GSoC'22 Proposal Review - Examples Algorithms

Hello Potential Mentors,

My name is Nathaniel Sullivan and I am a sophomore software engineering student at ASU. I have been interested GSoC for a while because of it’s ability to give students experience and connect them with amazing open source organizations like Processing. My love for coding first started by watching Daniel Shiffman’s coding challenge videos on YouTube and so when I was looking through all of the organizations in GSoC and saw Processing, I knew I had to get involved.

One of the things I noticed early on in programing with p5.js was how nice it was when one of my questions was answered through the examples. Another one of the hardest things for me as I was learning to code was understanding data structures and algorithms. For this reason I would like to propose the creation of a new example section entitled Algorithms. This section would contain a time and space complexity comparison of sorts, the existing examples of Quick Sort and Bubble Sort as well as more sorting algorithms including:

  • Selection Sort
  • Insertion Sort
  • Merge Sort
  • Recursive Sorts
  • Possibility for many more

I believe by creating working examples of these algorithms as well as explaining their relative time and space complexities, p5.js will be able to provide more access to the skills and understanding needed in effective coding.

This is just a start of an idea and I would love any and all feedback on my idea as well as on how to go through with a proposal.

Thank you. I look forward to a response,
Nathaniel Sullivan

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Algorithms sounds a good idea. I don’t think that sorting algorithms offer much on time difference, they are all more or less the same O(n*log(n)). Their effective implementation is usually dependent on using the right data structure. I don’t know but I suspect that Javascript is not really suitable for optimizing or presenting specific data structures. Time and space requirements are interesting, but it seems to be advanced computer science nowadays and most of processing users are more on practical implementation.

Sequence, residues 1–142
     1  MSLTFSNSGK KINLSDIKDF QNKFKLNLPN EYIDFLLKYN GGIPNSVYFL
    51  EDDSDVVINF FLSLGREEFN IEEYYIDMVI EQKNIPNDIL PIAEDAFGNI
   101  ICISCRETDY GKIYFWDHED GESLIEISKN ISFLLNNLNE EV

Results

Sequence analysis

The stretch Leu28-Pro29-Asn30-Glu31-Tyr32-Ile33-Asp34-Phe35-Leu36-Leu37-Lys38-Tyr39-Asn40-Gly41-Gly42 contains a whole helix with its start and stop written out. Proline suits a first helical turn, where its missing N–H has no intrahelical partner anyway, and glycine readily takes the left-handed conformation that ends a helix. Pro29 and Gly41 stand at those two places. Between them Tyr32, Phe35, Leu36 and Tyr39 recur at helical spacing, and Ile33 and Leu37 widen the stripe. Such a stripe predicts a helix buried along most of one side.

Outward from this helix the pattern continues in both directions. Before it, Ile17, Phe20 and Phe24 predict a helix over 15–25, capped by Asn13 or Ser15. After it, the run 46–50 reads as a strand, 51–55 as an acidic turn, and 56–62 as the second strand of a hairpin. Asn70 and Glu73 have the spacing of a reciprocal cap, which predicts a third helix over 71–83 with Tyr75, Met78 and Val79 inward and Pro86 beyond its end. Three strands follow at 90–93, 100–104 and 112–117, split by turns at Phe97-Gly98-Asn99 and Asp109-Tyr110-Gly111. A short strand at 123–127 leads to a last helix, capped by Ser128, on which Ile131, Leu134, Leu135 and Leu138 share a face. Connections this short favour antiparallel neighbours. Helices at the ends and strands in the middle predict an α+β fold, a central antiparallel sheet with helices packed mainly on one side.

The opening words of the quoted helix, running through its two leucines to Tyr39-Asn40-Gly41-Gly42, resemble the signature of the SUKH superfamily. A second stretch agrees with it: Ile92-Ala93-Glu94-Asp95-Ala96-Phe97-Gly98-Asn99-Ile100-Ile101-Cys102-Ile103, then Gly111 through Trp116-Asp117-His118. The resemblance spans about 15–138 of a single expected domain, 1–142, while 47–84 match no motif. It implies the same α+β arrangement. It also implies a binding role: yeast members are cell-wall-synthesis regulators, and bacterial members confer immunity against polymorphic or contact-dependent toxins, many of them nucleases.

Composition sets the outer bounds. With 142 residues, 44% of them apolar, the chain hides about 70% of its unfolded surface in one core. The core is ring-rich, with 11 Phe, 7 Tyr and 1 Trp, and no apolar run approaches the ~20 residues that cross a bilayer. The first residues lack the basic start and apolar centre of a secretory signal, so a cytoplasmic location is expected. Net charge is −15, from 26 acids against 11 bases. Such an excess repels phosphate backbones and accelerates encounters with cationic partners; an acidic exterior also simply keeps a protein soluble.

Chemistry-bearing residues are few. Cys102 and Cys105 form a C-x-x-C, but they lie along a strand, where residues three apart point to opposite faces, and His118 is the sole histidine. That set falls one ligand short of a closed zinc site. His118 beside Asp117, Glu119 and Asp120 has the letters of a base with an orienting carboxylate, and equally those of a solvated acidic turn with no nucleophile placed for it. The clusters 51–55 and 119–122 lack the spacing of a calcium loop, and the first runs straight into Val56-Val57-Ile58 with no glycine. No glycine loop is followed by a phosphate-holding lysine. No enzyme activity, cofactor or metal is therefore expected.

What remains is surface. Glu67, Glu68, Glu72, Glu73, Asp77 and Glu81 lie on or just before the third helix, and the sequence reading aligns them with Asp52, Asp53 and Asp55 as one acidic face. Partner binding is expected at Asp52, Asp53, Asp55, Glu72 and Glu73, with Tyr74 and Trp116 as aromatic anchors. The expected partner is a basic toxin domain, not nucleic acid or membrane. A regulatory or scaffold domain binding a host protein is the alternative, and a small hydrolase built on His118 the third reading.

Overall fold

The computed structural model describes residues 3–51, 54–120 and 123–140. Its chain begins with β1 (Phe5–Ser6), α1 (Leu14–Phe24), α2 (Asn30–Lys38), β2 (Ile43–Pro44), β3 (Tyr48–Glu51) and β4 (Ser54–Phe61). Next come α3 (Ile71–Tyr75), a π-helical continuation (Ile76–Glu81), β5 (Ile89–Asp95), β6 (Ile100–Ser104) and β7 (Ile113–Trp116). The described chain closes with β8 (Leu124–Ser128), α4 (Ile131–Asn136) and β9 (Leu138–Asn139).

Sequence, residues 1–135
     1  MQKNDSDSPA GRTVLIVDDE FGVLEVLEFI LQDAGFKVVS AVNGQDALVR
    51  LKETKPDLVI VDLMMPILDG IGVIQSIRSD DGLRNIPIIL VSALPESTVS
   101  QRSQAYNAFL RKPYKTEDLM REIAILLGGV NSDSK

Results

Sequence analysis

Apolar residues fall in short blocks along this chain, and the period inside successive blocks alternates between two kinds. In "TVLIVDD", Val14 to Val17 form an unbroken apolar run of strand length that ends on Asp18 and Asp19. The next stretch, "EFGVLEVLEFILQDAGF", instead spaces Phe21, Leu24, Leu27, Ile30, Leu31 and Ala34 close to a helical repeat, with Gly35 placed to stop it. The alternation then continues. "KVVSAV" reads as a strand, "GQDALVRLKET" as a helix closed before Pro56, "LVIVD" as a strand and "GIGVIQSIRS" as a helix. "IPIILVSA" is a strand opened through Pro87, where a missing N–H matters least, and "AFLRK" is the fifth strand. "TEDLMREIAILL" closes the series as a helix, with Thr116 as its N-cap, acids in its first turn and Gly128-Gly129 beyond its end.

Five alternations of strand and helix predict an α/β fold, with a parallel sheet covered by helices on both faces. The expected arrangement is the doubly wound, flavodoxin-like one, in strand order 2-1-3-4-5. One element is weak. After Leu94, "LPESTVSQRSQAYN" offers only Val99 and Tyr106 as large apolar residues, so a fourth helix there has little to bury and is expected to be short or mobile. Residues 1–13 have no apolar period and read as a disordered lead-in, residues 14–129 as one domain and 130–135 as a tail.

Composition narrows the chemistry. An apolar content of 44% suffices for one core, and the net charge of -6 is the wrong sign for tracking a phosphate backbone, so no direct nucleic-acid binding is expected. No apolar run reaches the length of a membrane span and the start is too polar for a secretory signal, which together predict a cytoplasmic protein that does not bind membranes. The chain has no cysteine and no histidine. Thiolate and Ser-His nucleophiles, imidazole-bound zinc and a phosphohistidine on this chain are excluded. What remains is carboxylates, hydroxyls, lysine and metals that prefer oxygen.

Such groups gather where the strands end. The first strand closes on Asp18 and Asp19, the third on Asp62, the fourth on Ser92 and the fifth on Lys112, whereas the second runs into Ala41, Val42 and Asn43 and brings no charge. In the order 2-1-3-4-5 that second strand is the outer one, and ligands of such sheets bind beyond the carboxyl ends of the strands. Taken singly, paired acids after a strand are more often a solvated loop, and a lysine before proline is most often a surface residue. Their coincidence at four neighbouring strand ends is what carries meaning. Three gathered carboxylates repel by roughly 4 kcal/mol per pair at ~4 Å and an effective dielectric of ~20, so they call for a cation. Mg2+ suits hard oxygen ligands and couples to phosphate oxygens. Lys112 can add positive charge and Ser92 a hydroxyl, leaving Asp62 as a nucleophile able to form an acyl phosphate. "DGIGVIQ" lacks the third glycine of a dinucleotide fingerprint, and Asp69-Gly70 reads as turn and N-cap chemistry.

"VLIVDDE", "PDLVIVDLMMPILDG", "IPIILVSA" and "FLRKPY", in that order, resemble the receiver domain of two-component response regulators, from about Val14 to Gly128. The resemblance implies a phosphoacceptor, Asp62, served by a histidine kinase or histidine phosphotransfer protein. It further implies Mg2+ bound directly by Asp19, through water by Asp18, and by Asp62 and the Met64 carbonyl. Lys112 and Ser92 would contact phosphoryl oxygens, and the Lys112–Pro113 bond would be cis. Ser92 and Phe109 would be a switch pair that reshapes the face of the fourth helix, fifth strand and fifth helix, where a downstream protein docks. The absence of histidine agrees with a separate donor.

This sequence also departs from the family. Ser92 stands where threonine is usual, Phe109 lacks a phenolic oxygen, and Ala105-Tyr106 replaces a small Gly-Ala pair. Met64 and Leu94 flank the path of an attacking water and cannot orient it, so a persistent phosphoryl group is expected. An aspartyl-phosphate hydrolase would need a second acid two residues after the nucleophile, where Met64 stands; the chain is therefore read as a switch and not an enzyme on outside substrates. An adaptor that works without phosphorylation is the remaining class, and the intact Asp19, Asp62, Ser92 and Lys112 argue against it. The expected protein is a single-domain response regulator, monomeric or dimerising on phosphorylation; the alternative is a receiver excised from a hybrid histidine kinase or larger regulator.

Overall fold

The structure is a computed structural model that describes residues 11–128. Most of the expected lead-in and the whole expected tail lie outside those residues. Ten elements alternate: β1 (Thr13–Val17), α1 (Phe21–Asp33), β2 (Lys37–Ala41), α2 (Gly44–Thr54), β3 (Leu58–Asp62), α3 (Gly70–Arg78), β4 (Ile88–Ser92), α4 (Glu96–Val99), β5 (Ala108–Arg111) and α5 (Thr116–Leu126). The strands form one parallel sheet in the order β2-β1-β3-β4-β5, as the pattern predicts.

So I would suggest you take a wider set of algorithms and look for algorithms that would be useful in common processing context. Binary search is most likely useful. A sorting algorithm is needed for binary search to work. Also finding if areas (shapes) overlap or if a point is inside an area come up occasionally. I’m sure by looking at posts more can be found.

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EDIT (April 18, 2022):

The following, which was posted on April 17, 2022, represents my own opinion, however I am not a potential mentor.

That would be a great addition to the existing examples. Once that section is created, others could contribute to it as well.

Sorting algorithms may differ concerning average, best case, and worst case time and space complexity. Regarding time complexity, bubble sort has an average performance of O(n2), a worst case of O(n2), and a best case of O(n). The latter occurs if the array is already sorted. For a quicksort the average time complexity is O(n log n).


Yes, that would provide the new Algorithms section with a great start. With a diversity of examples to emulate, others would likely be motivated to contribute.